On being accessible

A few years back we at SVTi decided to become bilingual. All essential documentation, code comments and this very blog are now written in English. If there are non-Swedish speaking co-workers participating in demos we do the presentations in English as well. This makes for some amusing moments of embarrassing swenglish—but more importantly it’s a practical step for a more inclusive workplace. Besides, the two main languages at SVTi are Java and Javascript anyway.

The notion of inclusivity affects not only how we do things but of course also what we do. In every step of the product design process our decisions take a slightly unorthodox path, guided by public service values and the idea of accessibility. Let’s talk about the three kinds of accessibility that are the foundation of SVT Play and the other digital products at SVT:

To be accessible regardless of the users’ personal capabilities
Being injured, tired, drunk, distracted or with a medical impairment should not prevent you from using our services. It permeates how we design our GUIs, how we do our testing and how we evaluate our projects. But it’s also about the content itself, in the digital world our offerings for users with visual or hearing impairment can exist as a first class citizen in a way it couldn’t possibly be in our broadcast transmission.

There are also other capabilities we take into account: Using as little bandwidth as possible to be accessible all over the country in spite of bad networks and expensive mobile phone tariffs. Not too long ago we even released the popular feature “even worse video quality”.

For new colleagues and external development partners this high standard of accessibility and attention to detail is sometimes shocking. ’To work at SVTi you really have to embrace this as one of the perks of operating outside the realm of common market practices.

To be accessible regardless of technological platform
The open web is central to our mission and to our independence. But also to our budget. Our goal is to be available wherever the user is—mobile, tablet, desktop, TV set—and given our limited resources that’s no mean feat.

Last month over 5000 different device models accessed SVT Play: thousands of mobile phones; desktop computers ready for the dumpster; obsolete browsers in not-very-smart TV sets. That’s why we build web services like svtplay.se with the ambition to work on even the oldest computers running outdated browsers. It’s the old Sinatra method: if we can make it there, we’ll make it anywhere.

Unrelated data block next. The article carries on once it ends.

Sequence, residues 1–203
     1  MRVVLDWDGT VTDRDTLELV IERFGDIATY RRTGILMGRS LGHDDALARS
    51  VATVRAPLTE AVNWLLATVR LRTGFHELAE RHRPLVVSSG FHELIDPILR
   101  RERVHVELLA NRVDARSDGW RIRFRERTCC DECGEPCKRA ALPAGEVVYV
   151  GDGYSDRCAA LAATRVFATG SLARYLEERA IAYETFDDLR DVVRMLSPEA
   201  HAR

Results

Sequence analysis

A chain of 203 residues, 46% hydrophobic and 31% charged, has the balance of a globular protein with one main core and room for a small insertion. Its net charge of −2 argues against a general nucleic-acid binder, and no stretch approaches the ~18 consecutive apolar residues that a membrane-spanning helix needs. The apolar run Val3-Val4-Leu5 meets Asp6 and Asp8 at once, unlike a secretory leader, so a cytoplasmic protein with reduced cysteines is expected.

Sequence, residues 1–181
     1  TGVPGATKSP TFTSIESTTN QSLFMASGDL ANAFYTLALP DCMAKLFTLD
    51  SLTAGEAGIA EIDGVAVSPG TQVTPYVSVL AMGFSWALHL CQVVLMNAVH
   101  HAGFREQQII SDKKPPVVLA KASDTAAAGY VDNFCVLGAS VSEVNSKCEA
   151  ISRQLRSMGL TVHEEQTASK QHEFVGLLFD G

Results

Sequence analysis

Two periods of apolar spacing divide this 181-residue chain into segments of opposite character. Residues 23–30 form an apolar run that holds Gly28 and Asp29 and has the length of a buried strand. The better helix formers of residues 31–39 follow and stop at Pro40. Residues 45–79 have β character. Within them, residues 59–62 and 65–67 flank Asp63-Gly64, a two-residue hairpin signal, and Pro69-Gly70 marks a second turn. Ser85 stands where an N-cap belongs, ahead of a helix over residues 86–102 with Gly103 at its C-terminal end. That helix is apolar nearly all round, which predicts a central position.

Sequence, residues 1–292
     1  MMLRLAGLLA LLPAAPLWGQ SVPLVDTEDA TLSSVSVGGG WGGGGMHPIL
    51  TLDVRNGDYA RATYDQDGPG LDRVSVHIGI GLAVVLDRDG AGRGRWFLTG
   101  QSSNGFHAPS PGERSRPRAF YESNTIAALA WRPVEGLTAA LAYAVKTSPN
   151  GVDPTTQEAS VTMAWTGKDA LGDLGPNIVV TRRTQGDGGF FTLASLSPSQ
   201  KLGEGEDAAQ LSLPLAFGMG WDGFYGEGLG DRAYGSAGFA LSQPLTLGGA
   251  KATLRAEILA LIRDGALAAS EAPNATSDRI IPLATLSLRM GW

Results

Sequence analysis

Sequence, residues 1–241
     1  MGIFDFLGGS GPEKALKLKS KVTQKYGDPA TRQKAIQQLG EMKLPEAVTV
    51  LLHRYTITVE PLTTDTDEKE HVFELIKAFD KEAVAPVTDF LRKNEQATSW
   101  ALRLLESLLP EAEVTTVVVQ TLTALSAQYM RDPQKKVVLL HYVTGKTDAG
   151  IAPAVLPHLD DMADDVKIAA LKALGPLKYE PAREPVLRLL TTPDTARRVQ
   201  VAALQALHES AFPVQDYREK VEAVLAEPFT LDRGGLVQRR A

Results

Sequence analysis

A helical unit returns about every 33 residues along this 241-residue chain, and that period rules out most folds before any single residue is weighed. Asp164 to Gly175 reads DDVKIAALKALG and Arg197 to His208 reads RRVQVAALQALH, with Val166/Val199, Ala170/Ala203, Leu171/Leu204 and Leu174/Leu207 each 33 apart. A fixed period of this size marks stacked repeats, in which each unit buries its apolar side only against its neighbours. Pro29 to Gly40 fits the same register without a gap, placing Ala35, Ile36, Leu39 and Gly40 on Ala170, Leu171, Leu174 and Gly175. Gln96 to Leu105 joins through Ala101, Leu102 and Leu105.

But running a world class in-house web shop built on responsive design and progressive enhancement is not enough. As of now our users are watching more hours of SVT Play through TV apps than on our web service. Adoption of SVT Play’s native apps on mobile and tablet is on a dramatic rise.

To stay relevant and accessible to our users we have to embrace the more or less closed systems used by Google, Apple and Samsung. It’s a new journey for us, one that is at the same time daunting and exciting.

To be accessible in tonality—the friendly personality of SVT Play
This last form of accessibility is all about how SVT Play feels, looks and talks with you when you use the service. Making new technology a bit less scary one På spåret episode at a time has been a hallmark of SVT Play since it’s inception some ten years ago. That mission statement still holds true, but now we cater to users who in large part are not only unafraid but also highly demanding.

One million people are now consuming SVT’s content exclusively on SVT Play. They expect the same personalized experience from us that they get from their other favorite online services.

How can we show the whole depth of our content and at the same time create that personal experience? How do we engineer a public service algorithm that steers clear of filter bubbles? What kinds of content make the most sense for public service in a digital context?

That’s an exciting challenge to come to grips with as we get ready to enter the second half of 2017.